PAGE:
“The diesel sounds like a small tractor, while the petrol sounds like a large moped.”It’s generally a very refined car, but the engine noise takes some getting used to. There are two engine options available; a 1.3-litre diesel and a two-cylinder 0.9-litre TwinAir petrol, and both make an absolute racket. The diesel sounds like a small tractor, while the petrol sounds like a large moped, which is no complement to either. They’re characterful, if nothing else.
But then there’s the good: Both the diesel and petrol engines pull well, despite their apparently meagre power outputs of 80hp and 90hp, respectively. There’s ample torque for getting off the line – 190Nm in the diesel and 145Nm in the petrol – and there’s sufficient reserve to pull off cheeky overtakes of dawdling traffic on country roads.
“That 4×4 badge and its seemingly rugged looks aren’t just for show – it’s as capable an off-roader as most of us will ever need.”Where the Panda Cross excels is in its off-roading ability. That 4×4 badge and its seemingly rugged looks aren’t just for show – it’s as capable an off-roader as most of us, be that city dwellers or even farmers, will ever need. We tested the Panda Cross on the very same off-road circuit as the Range Rover Sport, and the little Cross coped remarkably well, scrambling its way through deep mud, over rocks and even through relatively deep water.
It genuinely gives even Land Rovers a run for their money, and in some cases might even surpass them, thanks to a lightweight body that doesn’t get as easily bogged down in soft terrain.
It’s not perfect off road by any stretch of the imagination; it occasionally bottoms out when trudging through deep tracks laid by larger, heavier vehicles that forged a path beforehand. Its hill-descent control system is far too conservative, meaning you traverse steep hills incredibly quickly (almost out of control it seems).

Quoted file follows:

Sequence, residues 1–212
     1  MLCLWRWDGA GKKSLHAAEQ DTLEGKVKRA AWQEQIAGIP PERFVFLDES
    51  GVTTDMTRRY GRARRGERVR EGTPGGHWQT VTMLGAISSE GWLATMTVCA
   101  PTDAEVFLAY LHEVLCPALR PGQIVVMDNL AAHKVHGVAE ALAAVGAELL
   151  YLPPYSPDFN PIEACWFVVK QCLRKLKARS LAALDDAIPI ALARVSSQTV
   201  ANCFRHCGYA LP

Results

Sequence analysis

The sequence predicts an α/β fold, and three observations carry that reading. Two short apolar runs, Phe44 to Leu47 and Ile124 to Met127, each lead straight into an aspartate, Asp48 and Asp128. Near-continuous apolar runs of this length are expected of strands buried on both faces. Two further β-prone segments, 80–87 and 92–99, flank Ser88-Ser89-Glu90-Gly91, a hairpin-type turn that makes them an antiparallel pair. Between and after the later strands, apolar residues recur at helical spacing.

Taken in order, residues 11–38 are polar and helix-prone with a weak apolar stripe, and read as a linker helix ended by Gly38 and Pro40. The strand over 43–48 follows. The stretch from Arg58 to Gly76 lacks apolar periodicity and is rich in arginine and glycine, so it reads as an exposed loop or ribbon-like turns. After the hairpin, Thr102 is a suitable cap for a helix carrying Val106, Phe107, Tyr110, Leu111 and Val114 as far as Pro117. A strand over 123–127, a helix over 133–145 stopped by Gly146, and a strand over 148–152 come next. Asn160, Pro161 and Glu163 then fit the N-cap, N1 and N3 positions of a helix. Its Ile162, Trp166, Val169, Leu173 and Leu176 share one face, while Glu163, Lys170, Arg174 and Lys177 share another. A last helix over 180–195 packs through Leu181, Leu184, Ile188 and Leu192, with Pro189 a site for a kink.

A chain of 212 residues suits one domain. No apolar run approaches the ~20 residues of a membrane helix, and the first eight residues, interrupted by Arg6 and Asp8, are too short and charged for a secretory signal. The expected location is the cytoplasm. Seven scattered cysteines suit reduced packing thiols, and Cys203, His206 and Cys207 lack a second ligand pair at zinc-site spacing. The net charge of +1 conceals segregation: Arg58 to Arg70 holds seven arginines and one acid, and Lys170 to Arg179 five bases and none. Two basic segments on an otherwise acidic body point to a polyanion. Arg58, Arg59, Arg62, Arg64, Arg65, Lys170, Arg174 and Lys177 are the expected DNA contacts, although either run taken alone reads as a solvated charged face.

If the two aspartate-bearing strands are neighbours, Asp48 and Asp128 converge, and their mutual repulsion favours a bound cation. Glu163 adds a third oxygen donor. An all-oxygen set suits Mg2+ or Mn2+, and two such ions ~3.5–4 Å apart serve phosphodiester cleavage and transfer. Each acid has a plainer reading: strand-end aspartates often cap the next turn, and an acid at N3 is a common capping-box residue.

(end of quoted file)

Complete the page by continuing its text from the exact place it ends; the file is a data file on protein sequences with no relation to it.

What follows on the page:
Economy & environment
The 1.3-litre MultiJet diesel engine at the heart of the Fiat Panda Cross is pretty efficient, managing a healthy 60.1mpg on the combined cycle. It’s not particularly green, however, thanks to CO2 emissions of 125g/km. The two-cylinder TwinAir petrol manages an impressive 57.6mpg, though its CO2 emissions stat of 114g/km is less impressive.
Equipment & value
The Fiat Panda Cross comes with a solid list of standard equipment. All cars benefit from automatic climate control, Fiat’s fancy Blue&Me voice control, Bluetooth and USB connectivity system, front fog lights, leather steering wheel, 15-inch alloys and all-season tyres.
The options list is easy to fathom and consists of relatively affordable additions. A £250 winter pack gets you a heated windscreen and heated front seats, and you can add rear parking sensors for the same price. £250 also gets you City Brake Control, which uses LIDAR laser sensors to detect the presence of vehicles or obstacles in front of the car, and can activate the car’s automatic emergency braking to prevent an accident.
The Fiat Panda Cross is based on the third-generation Fiat Panda, which last faced a Euro NCAP safety test in 2011, racking up four out of five stars. Driver frontal impact protection was mostly adequate or good, though rear impact (whiplash) tests were marginal. Child protection was rated as fair.
The Fiat Panda Cross is surprisingly brilliant. Ignore any negative connotations you may associate with the nameplate – this is as modern, grown up, refined, and capable a vehicle as any of its rivals. In many cases it actually surpasses those rivals, thanks to its staggering off-road ability. Mud, water, gravel – you name it, the Panda Cross will gamely make its way across any obstacle, putting a smile on your face as it does so.
It’s not cheap by any stretch of the imagination, but given the fantastic bradth of capability, this is a car that offers stupendous value for money.
|Engine||1.3 MultiJet diesel|